Health Care Waste Management in Government Hospitals in Western Province: A Preliminary Analysis

A.I.L. Silva, U.A.D.P. Gunawardena

Abstract


Health-care waste is defined as all waste generated by health-care establishments, research facilities, and laboratories. Health care waste management is a major issue in developing countries especially in South Asian countries. Western Province of Sri Lanka is no exception with its high population density and lesser land availability. Proper estimation of actual quantities of waste is an initial step towards identification of better hospital waste management options. Therefore, this study intends to quantify different waste types generated by government hospitals in the western province and aims to investigate current waste management practices and the issues related to them. Seven hospitals were randomly selected from the data available from National classification of hospitals. Different waste types of each hospital were then identified and the amount under each category was quantified using data obtained from hospital authorities and verified by actual measurements taken at different wards. Current waste management practices were also recorded for each waste type. In addition, number of wards, bed occupancy rate, number of admissions were taken from each hospital in order to calculate the rate of waste generation. According to the collected data, there were 12 different waste types in hospitals and the total annual waste quantity of surveyed hospitals is 3,868 tons. Colombo National Hospital, North-Colombo Teaching Hospital, Lady Ridgeway, Bandaragama Divisional Hospital had the highest quantity of Biodegradable waste which is 60% of the total waste produced per day. Infectious waste showed the prominent waste type in Castle Street Hospital for Women, Panadura Base Hospital and Kandana Divisional Hospital. According to the study, Lady Ridgeway Hospital has the highest rate of waste generation of 2.83 Kg/bed/day followed by North-Colombo Teaching Hospital with 2.28 Kg/bed/day. The least amount of waste generation is from Bandaragama Divisional Hospital. The common waste management method for infectious waste, sharps and pharmaceuticals is incineration although the efficiency of the process is questionable. Public nuisances and protests for incineration facilities have lead accumulation of waste in certain hospitals. Major part of plastic polythene and glass are sent for recycling. Biodegradable wastes are being sent to piggeries. The study highlights potential and the need for better waste management options.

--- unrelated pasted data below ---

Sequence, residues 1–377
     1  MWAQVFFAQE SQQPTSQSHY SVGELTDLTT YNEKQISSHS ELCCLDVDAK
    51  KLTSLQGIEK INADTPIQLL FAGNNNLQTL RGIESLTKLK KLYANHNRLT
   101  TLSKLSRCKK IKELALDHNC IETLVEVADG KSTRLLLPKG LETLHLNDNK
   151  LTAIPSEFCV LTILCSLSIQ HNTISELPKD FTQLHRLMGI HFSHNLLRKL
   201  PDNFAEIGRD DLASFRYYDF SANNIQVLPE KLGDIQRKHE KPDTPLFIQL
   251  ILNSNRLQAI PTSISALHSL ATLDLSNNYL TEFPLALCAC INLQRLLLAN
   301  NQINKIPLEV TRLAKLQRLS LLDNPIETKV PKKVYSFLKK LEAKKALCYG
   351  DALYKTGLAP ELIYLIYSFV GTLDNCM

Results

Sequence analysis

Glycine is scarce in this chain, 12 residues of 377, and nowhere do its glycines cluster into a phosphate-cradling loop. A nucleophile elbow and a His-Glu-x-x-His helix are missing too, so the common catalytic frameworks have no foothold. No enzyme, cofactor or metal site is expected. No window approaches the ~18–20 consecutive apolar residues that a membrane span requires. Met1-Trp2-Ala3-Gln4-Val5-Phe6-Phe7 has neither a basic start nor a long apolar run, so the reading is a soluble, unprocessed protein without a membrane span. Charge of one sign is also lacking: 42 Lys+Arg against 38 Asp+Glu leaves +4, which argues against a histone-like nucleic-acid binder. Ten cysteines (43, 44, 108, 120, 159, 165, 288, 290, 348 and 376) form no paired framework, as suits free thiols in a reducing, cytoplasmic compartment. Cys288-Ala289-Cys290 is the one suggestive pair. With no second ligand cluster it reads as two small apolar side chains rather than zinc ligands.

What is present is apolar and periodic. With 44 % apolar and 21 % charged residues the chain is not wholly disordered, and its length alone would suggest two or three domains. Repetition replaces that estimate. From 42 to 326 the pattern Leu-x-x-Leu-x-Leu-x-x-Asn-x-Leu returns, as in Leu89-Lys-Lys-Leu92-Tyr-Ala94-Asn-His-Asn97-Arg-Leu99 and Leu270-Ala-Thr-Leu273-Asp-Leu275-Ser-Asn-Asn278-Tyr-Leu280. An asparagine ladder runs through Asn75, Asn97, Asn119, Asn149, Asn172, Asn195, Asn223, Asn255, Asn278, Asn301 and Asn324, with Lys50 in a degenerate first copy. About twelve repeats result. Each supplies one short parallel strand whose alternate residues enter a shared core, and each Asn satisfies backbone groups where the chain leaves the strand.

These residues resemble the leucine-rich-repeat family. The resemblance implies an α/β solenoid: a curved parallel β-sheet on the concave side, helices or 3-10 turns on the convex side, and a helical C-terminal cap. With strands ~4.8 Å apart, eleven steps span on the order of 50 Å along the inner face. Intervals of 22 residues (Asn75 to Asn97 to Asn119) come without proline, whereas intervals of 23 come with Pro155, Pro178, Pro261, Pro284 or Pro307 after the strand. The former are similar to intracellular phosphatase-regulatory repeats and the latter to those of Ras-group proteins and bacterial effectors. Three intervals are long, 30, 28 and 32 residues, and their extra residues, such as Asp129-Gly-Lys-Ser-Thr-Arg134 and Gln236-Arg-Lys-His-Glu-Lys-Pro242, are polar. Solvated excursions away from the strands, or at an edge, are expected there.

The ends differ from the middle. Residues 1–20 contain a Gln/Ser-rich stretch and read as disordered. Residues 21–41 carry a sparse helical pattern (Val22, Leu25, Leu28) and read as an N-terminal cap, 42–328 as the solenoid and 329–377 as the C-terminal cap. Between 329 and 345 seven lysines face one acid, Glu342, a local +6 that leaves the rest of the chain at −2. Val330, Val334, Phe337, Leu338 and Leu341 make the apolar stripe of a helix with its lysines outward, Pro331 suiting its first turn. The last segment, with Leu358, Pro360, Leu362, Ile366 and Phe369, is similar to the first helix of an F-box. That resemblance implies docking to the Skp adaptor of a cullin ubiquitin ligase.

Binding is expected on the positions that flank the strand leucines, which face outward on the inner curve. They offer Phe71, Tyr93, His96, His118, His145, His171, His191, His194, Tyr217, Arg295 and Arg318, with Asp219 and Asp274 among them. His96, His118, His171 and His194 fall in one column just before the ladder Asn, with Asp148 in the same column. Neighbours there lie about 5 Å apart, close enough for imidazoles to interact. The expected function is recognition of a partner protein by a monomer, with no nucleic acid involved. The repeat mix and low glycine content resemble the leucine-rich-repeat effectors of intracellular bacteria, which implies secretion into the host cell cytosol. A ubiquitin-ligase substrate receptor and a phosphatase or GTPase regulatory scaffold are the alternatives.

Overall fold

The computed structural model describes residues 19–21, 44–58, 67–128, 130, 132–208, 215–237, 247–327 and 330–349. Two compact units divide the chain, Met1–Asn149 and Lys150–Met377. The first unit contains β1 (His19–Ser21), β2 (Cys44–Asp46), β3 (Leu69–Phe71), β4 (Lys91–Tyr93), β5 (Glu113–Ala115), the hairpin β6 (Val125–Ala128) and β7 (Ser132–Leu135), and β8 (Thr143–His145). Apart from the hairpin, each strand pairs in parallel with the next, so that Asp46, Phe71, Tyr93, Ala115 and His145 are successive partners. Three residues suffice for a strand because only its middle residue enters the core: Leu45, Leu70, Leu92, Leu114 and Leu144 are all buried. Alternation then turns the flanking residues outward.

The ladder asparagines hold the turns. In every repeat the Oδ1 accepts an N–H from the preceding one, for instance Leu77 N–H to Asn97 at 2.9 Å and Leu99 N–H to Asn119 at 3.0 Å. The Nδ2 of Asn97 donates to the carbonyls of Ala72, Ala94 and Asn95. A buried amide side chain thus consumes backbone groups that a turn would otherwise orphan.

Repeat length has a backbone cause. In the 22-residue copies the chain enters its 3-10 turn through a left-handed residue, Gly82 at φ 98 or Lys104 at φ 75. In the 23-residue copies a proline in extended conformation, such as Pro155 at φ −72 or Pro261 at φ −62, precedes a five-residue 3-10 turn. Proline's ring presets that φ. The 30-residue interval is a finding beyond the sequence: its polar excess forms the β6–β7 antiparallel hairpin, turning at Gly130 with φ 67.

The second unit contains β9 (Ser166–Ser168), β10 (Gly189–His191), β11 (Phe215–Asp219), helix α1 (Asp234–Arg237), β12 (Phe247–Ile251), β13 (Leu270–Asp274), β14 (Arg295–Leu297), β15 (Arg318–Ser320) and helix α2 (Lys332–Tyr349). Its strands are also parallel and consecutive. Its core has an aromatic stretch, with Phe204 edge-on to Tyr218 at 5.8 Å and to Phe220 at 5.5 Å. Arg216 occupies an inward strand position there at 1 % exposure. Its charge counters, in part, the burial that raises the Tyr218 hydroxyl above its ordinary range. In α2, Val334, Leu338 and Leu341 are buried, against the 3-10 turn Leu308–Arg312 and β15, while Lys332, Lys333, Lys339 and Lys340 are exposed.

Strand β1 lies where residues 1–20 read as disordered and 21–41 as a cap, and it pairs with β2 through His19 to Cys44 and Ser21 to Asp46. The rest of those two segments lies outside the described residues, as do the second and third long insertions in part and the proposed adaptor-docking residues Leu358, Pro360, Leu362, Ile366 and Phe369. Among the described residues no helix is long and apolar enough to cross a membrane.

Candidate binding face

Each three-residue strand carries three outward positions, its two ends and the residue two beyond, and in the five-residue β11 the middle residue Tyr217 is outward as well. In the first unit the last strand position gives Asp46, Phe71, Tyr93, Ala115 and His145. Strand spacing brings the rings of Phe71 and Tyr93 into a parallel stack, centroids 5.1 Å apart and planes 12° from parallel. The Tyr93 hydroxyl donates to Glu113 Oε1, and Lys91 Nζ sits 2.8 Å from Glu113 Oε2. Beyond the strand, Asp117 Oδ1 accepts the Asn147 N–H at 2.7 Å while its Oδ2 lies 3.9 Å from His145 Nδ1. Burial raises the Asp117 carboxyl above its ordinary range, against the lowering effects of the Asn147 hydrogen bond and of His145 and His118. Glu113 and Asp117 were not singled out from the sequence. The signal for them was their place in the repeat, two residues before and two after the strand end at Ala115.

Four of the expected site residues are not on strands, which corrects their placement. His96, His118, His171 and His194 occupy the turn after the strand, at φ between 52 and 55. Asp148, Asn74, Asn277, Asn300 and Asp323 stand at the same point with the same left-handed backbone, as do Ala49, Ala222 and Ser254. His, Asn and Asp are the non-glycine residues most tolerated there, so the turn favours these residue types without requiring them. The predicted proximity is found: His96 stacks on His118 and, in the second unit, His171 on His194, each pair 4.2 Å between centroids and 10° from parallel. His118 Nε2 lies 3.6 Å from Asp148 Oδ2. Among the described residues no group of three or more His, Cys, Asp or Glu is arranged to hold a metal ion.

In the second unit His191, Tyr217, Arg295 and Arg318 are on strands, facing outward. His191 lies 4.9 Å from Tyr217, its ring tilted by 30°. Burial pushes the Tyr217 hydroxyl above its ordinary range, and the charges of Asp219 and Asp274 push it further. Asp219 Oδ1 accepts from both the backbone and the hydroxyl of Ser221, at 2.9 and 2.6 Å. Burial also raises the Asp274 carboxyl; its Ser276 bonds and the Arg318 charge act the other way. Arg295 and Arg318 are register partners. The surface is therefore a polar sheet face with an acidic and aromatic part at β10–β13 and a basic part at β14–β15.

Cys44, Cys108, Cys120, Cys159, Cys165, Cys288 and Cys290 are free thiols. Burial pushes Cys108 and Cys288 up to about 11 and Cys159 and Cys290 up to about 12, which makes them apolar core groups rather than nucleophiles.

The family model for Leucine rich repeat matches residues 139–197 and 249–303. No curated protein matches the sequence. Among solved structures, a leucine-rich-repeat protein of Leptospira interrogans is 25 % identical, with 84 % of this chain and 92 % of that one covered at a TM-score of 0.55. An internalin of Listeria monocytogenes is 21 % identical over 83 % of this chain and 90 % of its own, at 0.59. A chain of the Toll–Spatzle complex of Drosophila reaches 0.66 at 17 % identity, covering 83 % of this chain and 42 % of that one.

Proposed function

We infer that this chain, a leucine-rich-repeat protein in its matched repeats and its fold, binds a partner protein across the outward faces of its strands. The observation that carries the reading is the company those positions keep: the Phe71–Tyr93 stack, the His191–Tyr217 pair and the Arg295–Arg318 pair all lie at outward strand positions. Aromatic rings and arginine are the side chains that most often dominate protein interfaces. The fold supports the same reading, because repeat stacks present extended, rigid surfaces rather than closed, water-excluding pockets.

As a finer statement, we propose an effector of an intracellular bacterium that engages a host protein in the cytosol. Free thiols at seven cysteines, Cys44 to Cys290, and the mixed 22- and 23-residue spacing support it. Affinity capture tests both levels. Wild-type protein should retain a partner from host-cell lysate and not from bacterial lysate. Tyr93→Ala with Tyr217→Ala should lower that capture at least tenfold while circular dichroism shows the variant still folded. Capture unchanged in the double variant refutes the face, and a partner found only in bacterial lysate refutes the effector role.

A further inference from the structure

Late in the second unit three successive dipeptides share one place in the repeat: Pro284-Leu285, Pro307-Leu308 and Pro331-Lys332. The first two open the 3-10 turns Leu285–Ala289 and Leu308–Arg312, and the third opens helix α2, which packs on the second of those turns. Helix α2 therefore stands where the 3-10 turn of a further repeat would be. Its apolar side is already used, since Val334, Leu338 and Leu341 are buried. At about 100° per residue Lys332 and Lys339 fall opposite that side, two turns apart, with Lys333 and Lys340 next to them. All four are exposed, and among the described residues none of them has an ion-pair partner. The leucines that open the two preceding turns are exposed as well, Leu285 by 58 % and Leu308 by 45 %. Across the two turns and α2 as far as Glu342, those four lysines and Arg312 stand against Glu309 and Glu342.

Keywords: Health care waste, Western Province, Waste generation rate


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DOI: https://doi.org/10.31357/fesympo.v24i0.4325

DOI (PDF): https://doi.org/10.31357/fesympo.v24i0.4325.g3432

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Proceedings of International Forestry and Environment Symposium, Sri Lanka. Published by Department of Forestry and Environmental Science, University of Sri Jayewardenepura